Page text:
Authorizers should contract with cyber charters for particular outcomes and the cyber should be closed if it doesn't make its numbers. Isn't that already a thing, you ask? Come visit Pennsylvania or Ohio, I reply. It's theoretically sort of a thing, but practically speaking, not so much.

Funding Levels Based on Cost

Damn! This is tough, tough love. I've often used PA as an example, because opening a cyber charter here is like printing money. Our laws inspire Producers-level misbehavior, because what the cyber receives has nothing to do with its actual costs-- they just get the per-capita costs for the sending school. If my district sends you a cyber student, we'll also give you about $10K. You, cyber school, will give that students a $400 computer and access to 1/400th of a teacher. In short, if you can't clear an easy $5-6K on that student, you aren't trying very hard; this report suggests it's more like $3-4K. Either way, it's a hell of a markup. (And that's before we get to the fun wrinkle where you, as a cyber school, can test the student, declare she has a learning disability of some sort, and get an extra several thousand for her.)

Many many many people have suggested that it makes way more sense for cybers to get paid based on what their service actually costs to provide. For these charter organizations to suggest it is pretty special.

Performance Based Funding

Well, here's an interesting new wrinkle. You've heard about competency-based education. Here's the flip side of it.

In CBE, Chris gets to advance to the next unit when Chris passes the test or assessment or performance task. So how about we do the funding so that Chris's successful completion of a module is also how the school gets paid.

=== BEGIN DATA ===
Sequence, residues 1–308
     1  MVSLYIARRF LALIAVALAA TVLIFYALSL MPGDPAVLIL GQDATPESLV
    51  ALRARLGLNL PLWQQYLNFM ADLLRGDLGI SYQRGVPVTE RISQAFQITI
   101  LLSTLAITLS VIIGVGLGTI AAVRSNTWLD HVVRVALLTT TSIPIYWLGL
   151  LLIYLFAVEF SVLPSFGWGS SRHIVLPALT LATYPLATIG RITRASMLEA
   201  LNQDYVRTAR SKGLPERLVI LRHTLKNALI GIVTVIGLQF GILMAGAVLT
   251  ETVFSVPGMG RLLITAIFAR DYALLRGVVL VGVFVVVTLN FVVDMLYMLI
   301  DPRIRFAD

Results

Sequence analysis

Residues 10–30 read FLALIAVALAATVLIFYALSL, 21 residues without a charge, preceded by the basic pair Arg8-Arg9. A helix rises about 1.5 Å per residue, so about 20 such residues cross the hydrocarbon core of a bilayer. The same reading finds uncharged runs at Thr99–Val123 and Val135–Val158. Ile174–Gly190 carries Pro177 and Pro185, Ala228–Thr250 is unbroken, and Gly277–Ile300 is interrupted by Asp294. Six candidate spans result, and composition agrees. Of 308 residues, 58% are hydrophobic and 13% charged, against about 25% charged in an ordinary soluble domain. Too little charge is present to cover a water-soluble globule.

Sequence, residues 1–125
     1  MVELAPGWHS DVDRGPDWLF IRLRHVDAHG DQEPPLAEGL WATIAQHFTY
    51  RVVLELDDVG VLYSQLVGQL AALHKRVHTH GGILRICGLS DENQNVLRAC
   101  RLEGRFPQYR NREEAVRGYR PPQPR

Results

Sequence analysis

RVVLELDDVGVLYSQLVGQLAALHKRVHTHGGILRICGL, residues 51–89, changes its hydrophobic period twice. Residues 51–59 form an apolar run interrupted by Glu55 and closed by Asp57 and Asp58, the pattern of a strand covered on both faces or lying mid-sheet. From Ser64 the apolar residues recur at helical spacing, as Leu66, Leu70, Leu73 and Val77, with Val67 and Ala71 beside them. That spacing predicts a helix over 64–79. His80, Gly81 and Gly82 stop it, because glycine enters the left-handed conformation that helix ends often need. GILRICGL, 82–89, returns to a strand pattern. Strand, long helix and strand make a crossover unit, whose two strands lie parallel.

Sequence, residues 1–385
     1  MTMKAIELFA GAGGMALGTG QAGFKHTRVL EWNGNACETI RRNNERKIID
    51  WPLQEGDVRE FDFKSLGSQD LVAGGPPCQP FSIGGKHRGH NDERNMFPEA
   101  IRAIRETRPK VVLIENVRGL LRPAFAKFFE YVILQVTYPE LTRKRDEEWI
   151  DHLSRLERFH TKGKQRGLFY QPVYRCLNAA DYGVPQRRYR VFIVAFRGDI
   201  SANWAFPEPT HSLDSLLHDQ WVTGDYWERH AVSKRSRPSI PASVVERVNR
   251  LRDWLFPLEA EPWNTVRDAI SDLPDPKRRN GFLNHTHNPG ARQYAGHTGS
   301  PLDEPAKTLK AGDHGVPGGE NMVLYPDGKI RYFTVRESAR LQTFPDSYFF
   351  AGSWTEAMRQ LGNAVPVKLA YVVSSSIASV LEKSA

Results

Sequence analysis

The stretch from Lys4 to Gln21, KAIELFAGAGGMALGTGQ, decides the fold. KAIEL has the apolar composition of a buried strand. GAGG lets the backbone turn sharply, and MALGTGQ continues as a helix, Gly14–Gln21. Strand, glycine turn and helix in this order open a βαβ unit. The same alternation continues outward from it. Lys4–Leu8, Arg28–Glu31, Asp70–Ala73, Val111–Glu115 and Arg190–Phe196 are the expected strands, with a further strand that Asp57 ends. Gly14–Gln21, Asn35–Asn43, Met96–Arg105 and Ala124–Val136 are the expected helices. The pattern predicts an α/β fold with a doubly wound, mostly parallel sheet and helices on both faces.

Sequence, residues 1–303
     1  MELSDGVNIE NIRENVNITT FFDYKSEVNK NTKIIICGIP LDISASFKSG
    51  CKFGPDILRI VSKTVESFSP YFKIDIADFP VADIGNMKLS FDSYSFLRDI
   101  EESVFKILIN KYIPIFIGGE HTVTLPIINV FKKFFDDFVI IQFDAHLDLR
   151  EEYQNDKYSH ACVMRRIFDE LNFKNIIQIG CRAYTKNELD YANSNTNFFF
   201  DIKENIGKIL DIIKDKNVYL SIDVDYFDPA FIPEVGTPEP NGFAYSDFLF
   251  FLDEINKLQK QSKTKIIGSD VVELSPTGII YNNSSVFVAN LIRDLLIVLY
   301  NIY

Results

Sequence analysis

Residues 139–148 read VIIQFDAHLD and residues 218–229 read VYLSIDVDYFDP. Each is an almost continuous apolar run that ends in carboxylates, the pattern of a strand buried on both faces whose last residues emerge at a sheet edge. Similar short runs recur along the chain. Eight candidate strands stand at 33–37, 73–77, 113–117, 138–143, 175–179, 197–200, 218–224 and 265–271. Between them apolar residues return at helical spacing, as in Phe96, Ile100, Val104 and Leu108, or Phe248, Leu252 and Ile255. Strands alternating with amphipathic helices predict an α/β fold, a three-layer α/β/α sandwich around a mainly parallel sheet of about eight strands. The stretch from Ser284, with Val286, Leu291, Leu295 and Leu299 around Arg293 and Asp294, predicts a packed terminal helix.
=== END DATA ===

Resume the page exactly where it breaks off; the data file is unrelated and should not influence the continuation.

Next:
This is, of course, a budgeting nightmare. It is also a huge incentive for the school to help Chris cheat. This may not be such a good idea.

Their Conclusion

We think cyber charters are swell, but if they don't get their damn act together and stop making the rest of us look bad, we will personally hand the government a paddle and hold its coat while it spanks cyber charters into oblivion.

My Conclusion

Impressively brutal, though the charter organizations involved manage to ignore all of the implications for the charter industry as a whole. They would like all of these problems to be strictly cyber problems. They aren't.

Most notable is total and abject failure of the invisible hand of the free market to successfully manage the cyber charter biz, and the brick-and-mortar folks to call for the fat hand of government interference to get in the game and shape up those cyberites.

That said, they're not entirely wrong. I will never call for the complete destruction and end of cyber charters-- I personally know families that have been hugely helped by cybers in a way that brick and mortar schools could not have helped-- but there is no denying that the cyber charter business is mostly a disaster that is stealing money from taxpayers and years from children's educations. Someone had better slap a leash on them, and soon.

1 comment:

  1. What I don't understand is how cyber schools can even pretend to be able to provide services that serve the needs of special ed or ELL students.